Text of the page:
The District Court for the Eastern District of Michigan ruled that a Michigan law preventing out-of-state retailers from shipping DtC to Michigan retailers is unconstitutional on Friday, September 28. The case, Lebamoff Enterprises v. Snyder, is the second time in a decade that a court has ruled against a Michigan law of this type. (Read this post from the ShipCompliant archives.)
At issue was a law in Michigan permitting in-state retailers to ship alcohol directly to Michigan residents through common carriers, while preventing out-of-state retailers from doing the same (or more precisely, Michigan did not permit out-of-state retailers to get the license required to enable them to make direct-to-consumer (DtC) shipments).
Currently, only 13 states and the District of Columbia permit out-of-state retailers to ship DtC to their residents. This is a more narrow map than for wineries, who can now ship DtC to residents of 45 states and D.C.
Wineries have more expansive DtC rights due to both concerted lobbying efforts to change state rules, and a clearer jurisprudence: while the 2005 Supreme Court ruling Granholm v. Heald, which established the current legal basis for winery DtC shipping, clearly applied to beverage alcohol suppliers, its application to retailers and wholesalers has been the subject of debate. (This post talks about that debate.)
However, the District Court’s ruling in Lebamoff v. Snyder represents another win for retailers as they work to get Granholm applied to retailers. (The case also could have big implications for another current lawsuit, Tennessee Wine and Spirits Retailer Ass’n v. Byrd, which the Supreme Court recently granted certiorari to.)
Notably, this recent decision mimics a case from ten years ago, where a previous Michigan law preventing out-of-state retailers from shipping DtC while permitting in-state retailers to do so was invalidated. After that case, Michigan amended its rules to prohibit all DtC shipping from retailers (retailers were afterwards permitted to make DtC deliveries, but only using their own vehicles, which is a major blocker for out-of-state retailers).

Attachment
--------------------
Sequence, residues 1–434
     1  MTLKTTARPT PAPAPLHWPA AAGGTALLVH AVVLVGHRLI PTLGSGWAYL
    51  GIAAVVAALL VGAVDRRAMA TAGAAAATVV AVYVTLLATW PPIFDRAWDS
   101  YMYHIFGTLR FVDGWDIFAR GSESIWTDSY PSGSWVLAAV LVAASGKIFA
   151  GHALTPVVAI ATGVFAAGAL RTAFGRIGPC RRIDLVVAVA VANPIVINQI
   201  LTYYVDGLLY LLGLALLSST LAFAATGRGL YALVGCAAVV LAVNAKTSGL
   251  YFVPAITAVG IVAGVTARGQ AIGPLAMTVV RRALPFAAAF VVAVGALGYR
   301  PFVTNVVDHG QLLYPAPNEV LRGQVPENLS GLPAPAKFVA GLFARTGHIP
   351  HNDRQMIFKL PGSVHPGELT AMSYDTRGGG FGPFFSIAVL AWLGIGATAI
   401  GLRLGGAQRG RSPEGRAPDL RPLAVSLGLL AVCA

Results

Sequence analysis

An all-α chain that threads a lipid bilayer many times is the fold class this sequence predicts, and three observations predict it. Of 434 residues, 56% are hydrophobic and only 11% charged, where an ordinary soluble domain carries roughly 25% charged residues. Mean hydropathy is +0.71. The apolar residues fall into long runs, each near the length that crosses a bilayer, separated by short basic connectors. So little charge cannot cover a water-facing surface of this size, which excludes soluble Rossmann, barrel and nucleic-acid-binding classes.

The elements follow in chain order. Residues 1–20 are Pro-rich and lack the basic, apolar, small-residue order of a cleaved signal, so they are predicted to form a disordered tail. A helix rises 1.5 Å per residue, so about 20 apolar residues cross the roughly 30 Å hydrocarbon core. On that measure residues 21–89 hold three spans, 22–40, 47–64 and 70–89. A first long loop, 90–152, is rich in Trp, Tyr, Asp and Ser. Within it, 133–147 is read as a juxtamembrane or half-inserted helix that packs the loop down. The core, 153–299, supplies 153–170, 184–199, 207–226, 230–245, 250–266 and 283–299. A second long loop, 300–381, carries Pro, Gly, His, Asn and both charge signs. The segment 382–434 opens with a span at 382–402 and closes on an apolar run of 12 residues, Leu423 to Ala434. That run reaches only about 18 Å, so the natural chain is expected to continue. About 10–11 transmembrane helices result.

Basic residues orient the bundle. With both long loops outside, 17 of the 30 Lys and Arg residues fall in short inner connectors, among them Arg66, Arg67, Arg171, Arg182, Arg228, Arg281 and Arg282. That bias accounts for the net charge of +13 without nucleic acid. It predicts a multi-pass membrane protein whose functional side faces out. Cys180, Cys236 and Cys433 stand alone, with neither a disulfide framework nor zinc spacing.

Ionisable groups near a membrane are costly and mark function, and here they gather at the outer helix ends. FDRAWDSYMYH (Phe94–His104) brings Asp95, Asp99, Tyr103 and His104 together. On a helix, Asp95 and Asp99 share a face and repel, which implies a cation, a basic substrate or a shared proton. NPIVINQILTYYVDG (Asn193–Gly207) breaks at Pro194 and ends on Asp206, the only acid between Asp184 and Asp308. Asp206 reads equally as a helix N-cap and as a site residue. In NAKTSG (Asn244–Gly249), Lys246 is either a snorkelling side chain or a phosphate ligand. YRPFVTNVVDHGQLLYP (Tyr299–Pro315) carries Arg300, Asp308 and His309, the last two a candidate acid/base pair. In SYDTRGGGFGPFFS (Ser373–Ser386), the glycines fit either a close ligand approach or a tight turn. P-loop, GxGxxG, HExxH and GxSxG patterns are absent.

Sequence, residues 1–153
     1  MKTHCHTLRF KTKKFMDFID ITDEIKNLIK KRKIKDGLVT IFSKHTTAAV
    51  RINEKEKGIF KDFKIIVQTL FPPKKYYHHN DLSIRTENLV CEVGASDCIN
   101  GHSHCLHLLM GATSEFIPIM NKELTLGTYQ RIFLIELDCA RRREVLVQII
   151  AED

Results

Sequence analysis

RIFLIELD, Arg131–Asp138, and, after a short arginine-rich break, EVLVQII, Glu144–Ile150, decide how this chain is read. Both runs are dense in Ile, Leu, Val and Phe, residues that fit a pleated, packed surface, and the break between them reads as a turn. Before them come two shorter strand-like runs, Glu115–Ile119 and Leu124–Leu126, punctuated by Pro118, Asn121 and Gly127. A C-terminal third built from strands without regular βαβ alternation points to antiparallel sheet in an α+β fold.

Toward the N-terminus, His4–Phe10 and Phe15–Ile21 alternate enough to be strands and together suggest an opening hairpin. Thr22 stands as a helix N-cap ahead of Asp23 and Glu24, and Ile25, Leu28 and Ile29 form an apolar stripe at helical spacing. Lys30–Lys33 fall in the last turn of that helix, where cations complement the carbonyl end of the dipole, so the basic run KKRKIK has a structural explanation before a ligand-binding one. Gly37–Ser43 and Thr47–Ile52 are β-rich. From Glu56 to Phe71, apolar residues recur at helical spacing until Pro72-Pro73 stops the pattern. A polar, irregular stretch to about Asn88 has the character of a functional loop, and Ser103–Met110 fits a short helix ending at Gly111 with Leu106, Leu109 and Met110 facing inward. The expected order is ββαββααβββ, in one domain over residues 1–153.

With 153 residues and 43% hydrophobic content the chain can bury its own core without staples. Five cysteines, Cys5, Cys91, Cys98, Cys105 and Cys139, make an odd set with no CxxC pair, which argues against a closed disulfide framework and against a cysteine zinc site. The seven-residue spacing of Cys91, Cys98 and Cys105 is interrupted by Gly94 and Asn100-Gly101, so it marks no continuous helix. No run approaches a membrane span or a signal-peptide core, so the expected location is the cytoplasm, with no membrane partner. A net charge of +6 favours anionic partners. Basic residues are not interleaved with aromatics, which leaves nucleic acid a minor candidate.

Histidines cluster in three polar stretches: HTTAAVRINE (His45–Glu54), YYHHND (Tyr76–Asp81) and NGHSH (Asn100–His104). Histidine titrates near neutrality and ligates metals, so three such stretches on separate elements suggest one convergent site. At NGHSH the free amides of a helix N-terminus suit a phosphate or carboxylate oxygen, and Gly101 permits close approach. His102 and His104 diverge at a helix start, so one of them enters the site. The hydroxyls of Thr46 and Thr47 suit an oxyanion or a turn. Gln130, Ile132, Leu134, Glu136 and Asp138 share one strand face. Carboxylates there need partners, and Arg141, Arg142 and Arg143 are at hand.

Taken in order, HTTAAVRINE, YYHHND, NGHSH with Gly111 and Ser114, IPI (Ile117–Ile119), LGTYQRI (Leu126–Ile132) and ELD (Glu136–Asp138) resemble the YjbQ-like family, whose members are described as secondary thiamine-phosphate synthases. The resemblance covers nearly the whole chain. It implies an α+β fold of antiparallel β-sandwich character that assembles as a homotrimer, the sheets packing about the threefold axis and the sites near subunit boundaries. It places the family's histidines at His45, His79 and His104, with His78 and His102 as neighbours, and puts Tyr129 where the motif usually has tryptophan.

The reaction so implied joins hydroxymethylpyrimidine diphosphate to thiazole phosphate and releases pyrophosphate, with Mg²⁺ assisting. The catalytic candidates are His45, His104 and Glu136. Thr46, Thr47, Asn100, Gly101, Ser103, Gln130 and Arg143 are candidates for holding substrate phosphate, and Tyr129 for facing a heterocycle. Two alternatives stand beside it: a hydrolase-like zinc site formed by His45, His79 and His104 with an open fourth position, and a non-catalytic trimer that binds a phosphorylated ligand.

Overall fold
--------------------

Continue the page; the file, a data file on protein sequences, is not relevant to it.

Michigan amended its rules again last year to their current (discriminatory) state. Why the state thought the rule would pass muster this time is unknown, but apparently it is having no more luck now than it did back then.
Where this case will go is unclear. Michigan could appeal the ruling and hope that a higher court will be more favorable (but again, the Supreme Court could head this off in Byrd). The state could also cut its losses and repeal the rule, reverting to a situation where no retailer can ship DtC, as it did ten years ago. Or, the state could accept this ruling and come to grips with a world where retailers can ship DtC to Michigan residents.
Taking this last option might just be the easiest solution for the state. After all, there has been tremendous success in establishing licensing, tax, and reporting requirements for shipping DtC. While most states only allow wine producers to enter this market, in those 13 states, plus D.C., retailers have shown they can also comply with state rules. And this also reflects the broader economic reality too, where consumers want greater access to more products — even those not distributed in their state — and search for those products online.
How Michigan will react to this latest setback has yet to be seen. But there is the potential for the state to make a big change, and even possibly on the leading edge of a bigger wave of regulatory changes as retailers seek to gain the right to ship alcohol to residents of more states.
Update: On October 10, 2018, the District Court for the Eastern District of Michigan issued a stay pending appeal in Lebamoff v. Snyder, delaying enforcement of its ruling that the state’s retailer DtC shipping law was unconstitutional. The District Court reasoned that the legal environment was too uncertain following Supreme Court’s decision to hear Tennessee Wine and Retailer’s Ass’n v. Byrd. Since that case could preempt the ruling in Lebamoff, it would be inappropriate to force the state to undertake the regulatory change the District Court ruled was necessary. As such, no further action will take place with Lebamoff until after the Supreme Court has issued its ruling in Byrd.